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    Tropes A-C 
  • 2-D Space: While there are three dimensions, the up-down is severely restricted in scope and way smaller than the others. There also is a defined "up" in space, meaning instead of moving freely in all three, you may only move two dimensional with a little height difference. This does not have to be all bad though, since it eases orientation for players.
    • The main problem is that the ships are limited in how much they can pitch up or down (to about 75 degrees relative to the plane of the ecliptic) and are unable to execute any kind of rolling maneuvers other than banking during turns. This is likely to prevent players from getting horribly confused and turned around, but it also does make "vertical" attacks difficult to pull off; this unfortunately makes escorts, with their narrower firing arcs, a bit harder to use than they probably should be.
  • Abnormal Ammo: The winter events held by Q from 2012 onward have introduced a whole line of ground weapons that use snow as ammunition for the snowball fights held therein.
  • Aborted Arc: Cryptic has a bad habit of leaving plot threads to just dangle unresolved.
    • The Federation-Klingon War is almost completely forgotten after the "Klingon War" and "Warzone" arcs, and every time the two sides meet after that they're engaged in Teeth-Clenched Teamwork. Cryptic finally resolved it in "Surface Tension", with mixed results.Some players were irritated about the mission glossing over the Klingons' war crimes committed in the name of expansionism and blaming the whole thing on the Undine. Other Klingon players felt the Federation made a far more worthy adversary, or at least unique one, than all the others they fought. This says much about Klingon player mentality.
    • The Gorn rebellions mentioned in the background literature barely receive lip service in-game. Mostly because it is basically irrelevant in the game and no one particularly cares. Its only influence on the game is that the Gorn are playable.
    • The Romulan Star Empire remnant under Sela is forgotten completely after "Cutting the Cord". Later unaborted in Delta Rising, although through Word of God exposition. During the in-fighting after Sela's kidnapping and the Tal Shiar's defeat on New Romulus, the RSE basically lost all political clout and was no longer recognized by any of the other powers of the Quadrant as more and more of their forces defected to the Republic. As of 2410, the Treaty of Algeron has been dissolved (ending Starfleet's ban on Cloaking Technology) and what remains of the Star Empire is a handful of hold out colonies. In Delta Rising a number of Romulan Intelligence Officers are Tal Shiar defectors who saw the writing on the wall and said Screw This, I'm Outta Here!.invoked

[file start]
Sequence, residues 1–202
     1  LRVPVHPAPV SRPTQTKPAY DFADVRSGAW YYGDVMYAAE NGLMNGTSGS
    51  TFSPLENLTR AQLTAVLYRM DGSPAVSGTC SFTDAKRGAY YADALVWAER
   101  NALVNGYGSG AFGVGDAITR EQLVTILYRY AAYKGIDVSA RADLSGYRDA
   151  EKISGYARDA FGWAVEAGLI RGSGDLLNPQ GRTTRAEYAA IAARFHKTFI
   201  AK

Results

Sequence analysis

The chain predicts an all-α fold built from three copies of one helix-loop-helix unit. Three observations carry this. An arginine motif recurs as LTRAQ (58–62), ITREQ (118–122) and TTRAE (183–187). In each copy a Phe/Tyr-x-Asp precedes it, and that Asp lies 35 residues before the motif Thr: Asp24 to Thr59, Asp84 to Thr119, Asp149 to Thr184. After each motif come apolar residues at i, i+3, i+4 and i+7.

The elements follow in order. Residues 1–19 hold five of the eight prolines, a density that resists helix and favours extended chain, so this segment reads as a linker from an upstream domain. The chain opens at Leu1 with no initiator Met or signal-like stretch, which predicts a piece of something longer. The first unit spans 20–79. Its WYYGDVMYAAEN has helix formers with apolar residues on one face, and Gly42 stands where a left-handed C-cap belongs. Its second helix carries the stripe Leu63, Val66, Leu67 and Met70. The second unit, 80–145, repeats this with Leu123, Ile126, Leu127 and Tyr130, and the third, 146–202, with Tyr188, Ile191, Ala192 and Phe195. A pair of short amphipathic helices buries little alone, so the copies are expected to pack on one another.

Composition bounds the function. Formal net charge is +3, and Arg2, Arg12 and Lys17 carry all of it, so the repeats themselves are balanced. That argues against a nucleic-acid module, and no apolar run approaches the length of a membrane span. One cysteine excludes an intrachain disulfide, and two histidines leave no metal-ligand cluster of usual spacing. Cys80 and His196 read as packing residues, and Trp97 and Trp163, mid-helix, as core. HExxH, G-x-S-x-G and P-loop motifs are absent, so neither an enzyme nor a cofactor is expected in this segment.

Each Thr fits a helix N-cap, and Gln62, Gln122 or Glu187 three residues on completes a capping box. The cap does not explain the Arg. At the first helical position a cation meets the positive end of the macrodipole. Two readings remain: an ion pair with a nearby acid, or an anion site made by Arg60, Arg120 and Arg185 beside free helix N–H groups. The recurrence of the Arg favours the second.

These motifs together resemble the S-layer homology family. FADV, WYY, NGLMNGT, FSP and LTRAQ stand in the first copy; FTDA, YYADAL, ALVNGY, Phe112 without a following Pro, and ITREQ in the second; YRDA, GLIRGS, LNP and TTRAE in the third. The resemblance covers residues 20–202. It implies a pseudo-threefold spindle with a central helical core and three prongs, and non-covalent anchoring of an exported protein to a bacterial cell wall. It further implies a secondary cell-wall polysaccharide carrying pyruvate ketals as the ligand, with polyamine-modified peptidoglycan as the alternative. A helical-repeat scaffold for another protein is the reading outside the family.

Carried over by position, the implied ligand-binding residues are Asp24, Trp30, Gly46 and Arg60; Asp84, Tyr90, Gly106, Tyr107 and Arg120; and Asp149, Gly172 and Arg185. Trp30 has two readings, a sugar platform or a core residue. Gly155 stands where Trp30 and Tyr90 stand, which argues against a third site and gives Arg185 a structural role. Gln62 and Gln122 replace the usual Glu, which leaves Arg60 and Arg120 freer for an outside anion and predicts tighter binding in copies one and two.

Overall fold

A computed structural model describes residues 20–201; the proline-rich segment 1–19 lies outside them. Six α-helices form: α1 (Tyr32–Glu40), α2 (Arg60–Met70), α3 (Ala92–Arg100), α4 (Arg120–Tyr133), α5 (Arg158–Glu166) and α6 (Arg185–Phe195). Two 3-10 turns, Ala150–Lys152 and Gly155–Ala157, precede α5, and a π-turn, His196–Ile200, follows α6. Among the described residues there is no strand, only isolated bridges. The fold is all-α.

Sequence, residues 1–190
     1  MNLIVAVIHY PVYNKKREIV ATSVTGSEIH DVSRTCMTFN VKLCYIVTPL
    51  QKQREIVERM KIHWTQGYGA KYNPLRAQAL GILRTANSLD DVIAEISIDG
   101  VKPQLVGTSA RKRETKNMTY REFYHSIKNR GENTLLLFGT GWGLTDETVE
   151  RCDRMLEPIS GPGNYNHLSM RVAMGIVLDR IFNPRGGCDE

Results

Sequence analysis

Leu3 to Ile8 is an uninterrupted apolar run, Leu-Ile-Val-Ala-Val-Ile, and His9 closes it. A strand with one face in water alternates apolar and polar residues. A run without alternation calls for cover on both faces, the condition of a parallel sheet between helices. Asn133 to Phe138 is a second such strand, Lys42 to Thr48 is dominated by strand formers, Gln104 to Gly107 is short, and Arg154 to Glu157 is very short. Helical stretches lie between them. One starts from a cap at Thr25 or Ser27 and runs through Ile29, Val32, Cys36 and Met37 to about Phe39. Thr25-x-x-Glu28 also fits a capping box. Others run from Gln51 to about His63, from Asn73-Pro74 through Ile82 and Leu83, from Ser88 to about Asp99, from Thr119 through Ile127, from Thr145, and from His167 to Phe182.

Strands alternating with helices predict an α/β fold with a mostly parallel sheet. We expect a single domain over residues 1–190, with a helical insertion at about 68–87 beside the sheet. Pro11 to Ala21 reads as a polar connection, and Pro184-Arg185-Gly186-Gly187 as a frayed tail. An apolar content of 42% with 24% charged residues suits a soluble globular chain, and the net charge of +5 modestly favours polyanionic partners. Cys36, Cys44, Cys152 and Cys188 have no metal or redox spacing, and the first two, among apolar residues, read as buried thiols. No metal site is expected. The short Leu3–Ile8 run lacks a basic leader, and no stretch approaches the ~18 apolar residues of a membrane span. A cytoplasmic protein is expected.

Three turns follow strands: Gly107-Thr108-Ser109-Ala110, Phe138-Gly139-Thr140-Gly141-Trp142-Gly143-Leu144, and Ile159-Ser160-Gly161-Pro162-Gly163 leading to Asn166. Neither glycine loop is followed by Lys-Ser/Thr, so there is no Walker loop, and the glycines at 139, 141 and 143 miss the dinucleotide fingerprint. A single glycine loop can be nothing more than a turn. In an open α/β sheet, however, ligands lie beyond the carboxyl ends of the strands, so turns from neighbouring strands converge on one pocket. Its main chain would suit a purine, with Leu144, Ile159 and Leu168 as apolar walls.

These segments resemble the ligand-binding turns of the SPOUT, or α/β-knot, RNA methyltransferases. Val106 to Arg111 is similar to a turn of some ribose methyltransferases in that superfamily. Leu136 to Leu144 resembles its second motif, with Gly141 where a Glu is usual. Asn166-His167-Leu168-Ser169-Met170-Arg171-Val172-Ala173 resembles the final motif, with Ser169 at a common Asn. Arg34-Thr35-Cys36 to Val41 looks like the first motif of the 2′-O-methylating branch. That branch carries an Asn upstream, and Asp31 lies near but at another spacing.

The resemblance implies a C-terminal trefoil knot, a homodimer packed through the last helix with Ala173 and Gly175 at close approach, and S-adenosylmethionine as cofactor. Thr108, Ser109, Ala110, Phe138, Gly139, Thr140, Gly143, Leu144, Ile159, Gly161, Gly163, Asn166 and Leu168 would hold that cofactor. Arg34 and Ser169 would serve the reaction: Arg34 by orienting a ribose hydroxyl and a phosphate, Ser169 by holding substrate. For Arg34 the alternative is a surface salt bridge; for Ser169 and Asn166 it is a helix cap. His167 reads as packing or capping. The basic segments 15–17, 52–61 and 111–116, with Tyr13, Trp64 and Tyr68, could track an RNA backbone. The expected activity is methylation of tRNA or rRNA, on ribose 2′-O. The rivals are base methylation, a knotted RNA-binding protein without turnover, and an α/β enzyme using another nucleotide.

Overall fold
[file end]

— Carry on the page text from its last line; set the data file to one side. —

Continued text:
• The True Way really get no resolution in the Cardassian arc (yes, you captured two of their leaders, but come on, they're a terrorist organization). This gets tied off with the revamped and condensed Cardassian arc, since you make peace with the New Link which is in control of the True Way.
    • On the KDF end of things, the Fek'Ihri arc ends with a Sequel Hook (technobabble to the effect that they may not have been genuine demons from hell) that is left to dangle until Victory is Life.
  • Abusive Precursors: Remember how Picard thought that the Iconians had a bad rep due to their frightening teleportation technology? Thanks to season 7 and the revelations about the Dewans, ''he was wrong. Very. Very. Wrong.
    • As of Season 10, he may not have been as far off the mark as we thought. According to the Iconians themselves in a short story told from the Iconian POV, they were a peaceful people who tried to help uplift the younger ones... who repaid them with bombing their civilization so thoroughly. Turns out if that happens, you become very VERY pissed off. One might be inclined to reject this as self-serving memory though a Preserver at Lae'nas had already mentioned the Iconians were different, 'brighter' before the first war, albeit his phrasing is ambiguous.
    T'Ket: "And they repaid our generosity with destruction! The Whole was shattered. Our world lost. And I will have payment for every drop of blood that has been spilled."
    • Even more justified (not in the trope sense but the colloquial meaning) in season 11's final episode in which the player gets to visit pre invasion Iconia 200,000 years ago. Turns out the Iconians weren't as bad as their reputation, but later changed due to the events. Some are willing to get back to a peaceful life - others less so.
  • Ace Custom: Your spaceship. Payload, paintjob, engines, shields, the works. The Federation ships have the largest collection of them, though.
  • Actually Four Mooks: Sensor contacts, and selections, overlap at long range. Though you can probably see visually there's more than one ship, or that if there was a single ship the size of that selection box you ought to be able to see it!
  • Adam Smith Hates Your Guts:
    • I have to spend twenty credits to get a drink out of the replicator? What, did my crew bring a bag lunch and never use them? For that matter, I have to pay Starfleet to have better guns mounted on my ship?